Rarely in American history has the Supreme Court been called on to decide so many important social, legal and political issues in such a relatively brief period of time.
This term, the court will hand down decisions on affirmative action, campaign finance reform, free speech, and the separation of church and state. At the same time, the lower courts are struggling with new and aggressive abortion laws, same-sex marriage restrictions at the state level and yet more church/state issues that could have important consequences for President Obama's Affordable Care Act, even as more constitutional challenges to that legislation are headed toward the high court.
And all of this comes after the hugely important last week of the 2013 term in which the court struck down the Defense of Marriage Act and a key section of the Voting Rights Act.
Three vital questions
It is against this backdrop that the recent comments of Georgetown University law professor Randy Barnett, the architect of the litigation strategy that almost took down Obamacare, should be required viewing by all.
In an event publicizing a new book on that litigation, Barnett said that it is vital to view three questions as separate and distinct issues when discussing whether laws violate the Constitution:
Does the law violate the text or original meaning of the Constitution? Does the law violate the Supreme Court's prior cases interpreting the Constitution? And are there five votes on the court to strike down the law?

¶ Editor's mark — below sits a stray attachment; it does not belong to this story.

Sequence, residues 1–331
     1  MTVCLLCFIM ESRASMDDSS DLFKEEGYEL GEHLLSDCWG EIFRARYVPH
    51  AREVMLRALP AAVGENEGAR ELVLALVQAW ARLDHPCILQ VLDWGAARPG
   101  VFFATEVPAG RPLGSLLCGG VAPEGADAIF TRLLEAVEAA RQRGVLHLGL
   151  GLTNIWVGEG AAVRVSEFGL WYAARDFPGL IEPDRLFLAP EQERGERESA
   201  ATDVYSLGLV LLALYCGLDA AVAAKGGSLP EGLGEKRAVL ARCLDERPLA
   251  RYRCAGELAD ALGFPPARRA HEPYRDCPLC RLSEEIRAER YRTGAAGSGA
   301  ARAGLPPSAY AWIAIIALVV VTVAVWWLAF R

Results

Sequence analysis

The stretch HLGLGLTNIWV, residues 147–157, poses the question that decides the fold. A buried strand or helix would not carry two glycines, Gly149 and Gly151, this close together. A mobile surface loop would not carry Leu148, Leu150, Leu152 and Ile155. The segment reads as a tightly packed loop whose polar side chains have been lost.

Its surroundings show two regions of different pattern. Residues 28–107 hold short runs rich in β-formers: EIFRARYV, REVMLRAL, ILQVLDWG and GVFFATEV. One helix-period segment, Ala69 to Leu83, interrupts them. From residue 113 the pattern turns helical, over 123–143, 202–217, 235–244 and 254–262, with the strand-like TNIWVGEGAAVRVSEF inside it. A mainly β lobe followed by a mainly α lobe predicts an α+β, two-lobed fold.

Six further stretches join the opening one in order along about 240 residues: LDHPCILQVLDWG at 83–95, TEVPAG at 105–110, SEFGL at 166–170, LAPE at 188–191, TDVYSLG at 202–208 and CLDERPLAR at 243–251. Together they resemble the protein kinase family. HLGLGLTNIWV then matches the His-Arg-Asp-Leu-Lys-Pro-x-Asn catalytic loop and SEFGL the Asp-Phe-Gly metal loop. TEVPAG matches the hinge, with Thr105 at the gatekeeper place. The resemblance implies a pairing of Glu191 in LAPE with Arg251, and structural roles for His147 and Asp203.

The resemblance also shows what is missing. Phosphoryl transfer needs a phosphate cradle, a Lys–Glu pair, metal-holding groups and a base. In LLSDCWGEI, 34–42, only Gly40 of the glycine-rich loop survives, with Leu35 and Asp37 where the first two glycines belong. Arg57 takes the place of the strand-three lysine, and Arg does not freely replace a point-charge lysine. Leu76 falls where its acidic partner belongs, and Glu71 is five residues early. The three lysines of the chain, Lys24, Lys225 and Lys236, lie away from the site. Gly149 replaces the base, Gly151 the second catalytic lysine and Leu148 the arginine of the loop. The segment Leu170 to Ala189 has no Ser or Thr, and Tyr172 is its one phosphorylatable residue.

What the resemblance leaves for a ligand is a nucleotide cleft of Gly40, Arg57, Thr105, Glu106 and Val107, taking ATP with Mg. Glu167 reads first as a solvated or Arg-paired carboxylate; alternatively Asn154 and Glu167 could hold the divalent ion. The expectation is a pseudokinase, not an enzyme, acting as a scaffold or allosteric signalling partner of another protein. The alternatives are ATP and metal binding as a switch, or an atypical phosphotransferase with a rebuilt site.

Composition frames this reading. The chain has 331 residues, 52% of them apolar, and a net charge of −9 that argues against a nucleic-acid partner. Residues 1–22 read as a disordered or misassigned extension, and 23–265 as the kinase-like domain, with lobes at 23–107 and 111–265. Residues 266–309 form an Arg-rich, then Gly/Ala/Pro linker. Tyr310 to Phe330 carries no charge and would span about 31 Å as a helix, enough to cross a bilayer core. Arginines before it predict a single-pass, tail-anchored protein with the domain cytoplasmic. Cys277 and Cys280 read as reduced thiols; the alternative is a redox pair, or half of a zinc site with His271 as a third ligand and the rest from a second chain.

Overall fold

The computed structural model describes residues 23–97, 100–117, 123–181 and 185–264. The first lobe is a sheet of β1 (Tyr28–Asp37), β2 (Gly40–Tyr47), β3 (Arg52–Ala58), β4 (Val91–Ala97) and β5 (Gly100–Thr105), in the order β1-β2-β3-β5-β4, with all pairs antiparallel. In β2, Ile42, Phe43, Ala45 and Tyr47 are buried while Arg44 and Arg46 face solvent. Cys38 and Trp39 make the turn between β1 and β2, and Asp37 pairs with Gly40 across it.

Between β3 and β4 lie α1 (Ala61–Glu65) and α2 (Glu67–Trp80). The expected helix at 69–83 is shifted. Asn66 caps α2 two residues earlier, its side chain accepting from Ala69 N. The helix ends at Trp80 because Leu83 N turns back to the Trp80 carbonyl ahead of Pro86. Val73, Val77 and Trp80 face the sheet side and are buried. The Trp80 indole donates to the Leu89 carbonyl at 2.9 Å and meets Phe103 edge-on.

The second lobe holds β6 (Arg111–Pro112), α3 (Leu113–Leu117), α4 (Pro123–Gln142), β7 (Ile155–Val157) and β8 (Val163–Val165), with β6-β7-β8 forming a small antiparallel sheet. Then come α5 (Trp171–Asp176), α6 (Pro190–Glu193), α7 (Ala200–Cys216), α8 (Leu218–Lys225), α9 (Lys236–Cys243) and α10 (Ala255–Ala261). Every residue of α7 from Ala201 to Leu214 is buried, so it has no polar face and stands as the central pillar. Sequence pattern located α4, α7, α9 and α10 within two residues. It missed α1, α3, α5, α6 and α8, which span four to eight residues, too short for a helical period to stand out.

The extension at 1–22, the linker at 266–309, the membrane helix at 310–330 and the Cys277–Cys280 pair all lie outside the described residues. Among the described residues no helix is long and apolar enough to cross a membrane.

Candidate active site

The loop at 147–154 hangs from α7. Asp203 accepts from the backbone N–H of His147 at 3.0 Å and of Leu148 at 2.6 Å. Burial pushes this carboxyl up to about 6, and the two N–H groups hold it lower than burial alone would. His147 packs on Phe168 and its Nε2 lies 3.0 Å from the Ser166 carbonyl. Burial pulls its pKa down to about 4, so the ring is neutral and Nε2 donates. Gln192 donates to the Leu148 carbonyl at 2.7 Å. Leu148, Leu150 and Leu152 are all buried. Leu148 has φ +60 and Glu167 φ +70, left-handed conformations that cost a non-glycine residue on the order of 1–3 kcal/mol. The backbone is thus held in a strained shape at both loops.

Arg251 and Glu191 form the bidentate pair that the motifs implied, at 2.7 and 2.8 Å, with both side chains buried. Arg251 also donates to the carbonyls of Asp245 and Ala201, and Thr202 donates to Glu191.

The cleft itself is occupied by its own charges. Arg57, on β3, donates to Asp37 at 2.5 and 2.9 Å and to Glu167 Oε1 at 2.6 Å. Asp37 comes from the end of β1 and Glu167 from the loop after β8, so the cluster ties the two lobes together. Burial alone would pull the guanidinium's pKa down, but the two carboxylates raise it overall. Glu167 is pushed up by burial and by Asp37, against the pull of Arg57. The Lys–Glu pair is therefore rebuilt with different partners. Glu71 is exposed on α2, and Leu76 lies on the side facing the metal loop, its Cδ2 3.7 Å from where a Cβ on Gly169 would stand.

He made it clear that he believes each issue is independent. In other words, having five votes to strike down a law does not necessarily mean the law violates the Constitution.
Changing the debate
And, sadly, he is right. One need look no further than Barnett's case against the health-care law to see that he is right. One of the central issues in the case was whether Congress had the power to require Americans to buy health insurance. As soon as the law was passed, Barnett and other conservative lawyers and organizations began strategizing on this question by holding meetings, writing blogs and appearing in the media as often as possible.
They changed the debate, helping convince five justices of the high court that a law comprehensively regulating a trillion-dollar industry (the buying and selling of health care and health insurance) that affects every single state was somehow not a law regulating "commerce among the states."
Ironically, Barnett lost because there were also five votes for the proposition that a mandate to buy health insurance that the president and Congress emphatically denied was a tax, was in fact a tax. With five votes, anything is possible, just as Barnett suggested.
If it is true, as Justice William Brennan used to tell his law clerks, that the most important thing to know about the court is the number five -- that with five votes, anything is possible -- then perhaps it is time to seriously reconsider a political system in which five life-tenured, politically unaccountable judges have the final say on so many of our most pressing problems.